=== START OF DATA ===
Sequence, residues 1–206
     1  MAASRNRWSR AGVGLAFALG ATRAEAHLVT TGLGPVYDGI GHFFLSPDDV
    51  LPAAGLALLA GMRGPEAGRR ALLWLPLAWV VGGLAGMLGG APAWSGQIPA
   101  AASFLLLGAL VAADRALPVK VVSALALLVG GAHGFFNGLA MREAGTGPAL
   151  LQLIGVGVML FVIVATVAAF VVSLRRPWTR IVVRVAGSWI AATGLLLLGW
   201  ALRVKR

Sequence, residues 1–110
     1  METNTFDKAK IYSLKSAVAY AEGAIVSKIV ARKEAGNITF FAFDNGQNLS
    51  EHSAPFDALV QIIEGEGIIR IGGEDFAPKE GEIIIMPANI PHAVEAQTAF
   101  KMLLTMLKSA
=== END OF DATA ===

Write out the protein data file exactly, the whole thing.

Sequence, residues 1–206
     1  MAASRNRWSR AGVGLAFALG ATRAEAHLVT TGLGPVYDGI GHFFLSPDDV
    51  LPAAGLALLA GMRGPEAGRR ALLWLPLAWV VGGLAGMLGG APAWSGQIPA
   101  AASFLLLGAL VAADRALPVK VVSALALLVG GAHGFFNGLA MREAGTGPAL
   151  LQLIGVGVML FVIVATVAAF VVSLRRPWTR IVVRVAGSWI AATGLLLLGW
   201  ALRVKR

Sequence, residues 1–110
     1  METNTFDKAK IYSLKSAVAY AEGAIVSKIV ARKEAGNITF FAFDNGQNLS
    51  EHSAPFDALV QIIEGEGIIR IGGEDFAPKE GEIIIMPANI PHAVEAQTAF
   101  KMLLTMLKSA